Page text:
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Estonian Cyber Security Innovation

A recent article in the UK Telegraph outlined the threats citizens face within the Cyber world. From phishing scams to breaches, there are vulnerabilities everywhere.

A recent article in the UK Telegraph outlined the threats citizens face within the Cyber world. From phishing scams to breaches, there are vulnerabilities everywhere. The average number of days before a breach is detected is 205 days. These threats are real, however Estonia protects its citizens daily through cutting-edge technology and innovations.

 

 

The ID card is cornerstone of Estonian e-governance; the security of a citizen’s identity begins here. The special chipped ID cards carry with them certificates authenticating the user and the digital signature; the Estonian company, Sertifitseerimiskeskus AS (Certification Center AS), facilitates the certification and encryption. Using the country’s public key infrastructure, the ID card helps keep a person’s sensitive information secure within the system using 2048-bit encryption.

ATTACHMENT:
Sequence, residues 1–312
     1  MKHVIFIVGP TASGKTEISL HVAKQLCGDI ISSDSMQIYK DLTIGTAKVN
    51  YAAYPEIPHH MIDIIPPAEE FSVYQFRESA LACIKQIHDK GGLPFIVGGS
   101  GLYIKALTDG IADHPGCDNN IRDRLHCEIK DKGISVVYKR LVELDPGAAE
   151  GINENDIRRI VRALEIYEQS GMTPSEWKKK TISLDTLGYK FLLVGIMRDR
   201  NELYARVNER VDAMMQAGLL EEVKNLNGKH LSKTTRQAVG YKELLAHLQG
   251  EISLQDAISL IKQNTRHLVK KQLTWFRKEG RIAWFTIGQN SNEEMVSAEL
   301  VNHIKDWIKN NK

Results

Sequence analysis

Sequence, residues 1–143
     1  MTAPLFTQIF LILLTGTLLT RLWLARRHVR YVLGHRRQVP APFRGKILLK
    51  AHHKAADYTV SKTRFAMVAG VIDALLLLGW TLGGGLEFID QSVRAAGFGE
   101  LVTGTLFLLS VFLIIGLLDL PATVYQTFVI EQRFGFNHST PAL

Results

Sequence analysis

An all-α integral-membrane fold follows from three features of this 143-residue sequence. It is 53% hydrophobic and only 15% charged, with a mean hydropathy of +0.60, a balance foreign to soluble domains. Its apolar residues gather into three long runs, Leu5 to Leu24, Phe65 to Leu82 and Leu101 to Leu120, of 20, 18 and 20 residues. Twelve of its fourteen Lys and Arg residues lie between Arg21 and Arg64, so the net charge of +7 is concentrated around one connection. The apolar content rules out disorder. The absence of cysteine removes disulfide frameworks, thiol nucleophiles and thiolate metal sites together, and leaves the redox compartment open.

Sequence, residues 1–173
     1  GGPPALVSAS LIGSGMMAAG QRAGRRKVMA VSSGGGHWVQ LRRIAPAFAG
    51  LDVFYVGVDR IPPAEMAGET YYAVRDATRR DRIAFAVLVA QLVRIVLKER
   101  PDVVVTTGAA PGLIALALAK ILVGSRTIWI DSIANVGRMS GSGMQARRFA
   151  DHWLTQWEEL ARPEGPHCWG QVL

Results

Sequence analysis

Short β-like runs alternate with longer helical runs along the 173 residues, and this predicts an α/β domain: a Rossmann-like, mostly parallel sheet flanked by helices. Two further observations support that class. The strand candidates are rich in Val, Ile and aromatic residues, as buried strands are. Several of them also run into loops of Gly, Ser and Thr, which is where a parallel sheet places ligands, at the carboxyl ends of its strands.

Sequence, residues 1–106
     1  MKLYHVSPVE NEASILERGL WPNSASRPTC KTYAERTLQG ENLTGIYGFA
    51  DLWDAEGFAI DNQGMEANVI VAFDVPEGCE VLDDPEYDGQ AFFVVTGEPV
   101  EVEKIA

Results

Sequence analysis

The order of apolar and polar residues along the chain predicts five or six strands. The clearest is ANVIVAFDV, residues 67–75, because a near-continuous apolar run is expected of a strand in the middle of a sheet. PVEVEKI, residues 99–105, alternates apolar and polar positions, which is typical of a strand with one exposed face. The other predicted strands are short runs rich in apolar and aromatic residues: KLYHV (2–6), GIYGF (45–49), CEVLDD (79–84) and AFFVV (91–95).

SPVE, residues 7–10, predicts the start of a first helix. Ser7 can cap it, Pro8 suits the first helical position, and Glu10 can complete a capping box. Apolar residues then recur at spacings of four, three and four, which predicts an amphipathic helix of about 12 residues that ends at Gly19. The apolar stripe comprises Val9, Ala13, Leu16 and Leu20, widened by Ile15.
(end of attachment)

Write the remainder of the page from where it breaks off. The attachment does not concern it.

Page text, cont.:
The ID card is the secure key and cornerstone to access e-services for the Estonian citizens; the X-Road is the backbone, which facilitates the services. Developed by Cybernetica, the X-Road is a secure, distributed data exchange framework. This technology gives citizens a strong sense of security as they are logging in and using services daily. The platform uses the digital signature and PKI system; this system then ensures credibility within the system to protect data.

Data breaches can come from external and internal sources. That is why ensuring security on both sides is important. Guardtime, an Estonian-based company develops blockchain technology that can help detect interior threats. Keyless Signature Infrastructure, or KSI, keeps data safe by creating a digital footprint or digital DNA; thus securing data internally.

An Atlantic Council co-sponsored roundtable of notable cyber experts discussed the state of cyber security in 2016, since there were frequent breaches in 2015; they are cautiously optimistic that there will be fewer breaches in 2016. The panel noted that encryption is key, and that network centric layers are important for data protection; solutions that the Estonian government is currently using.

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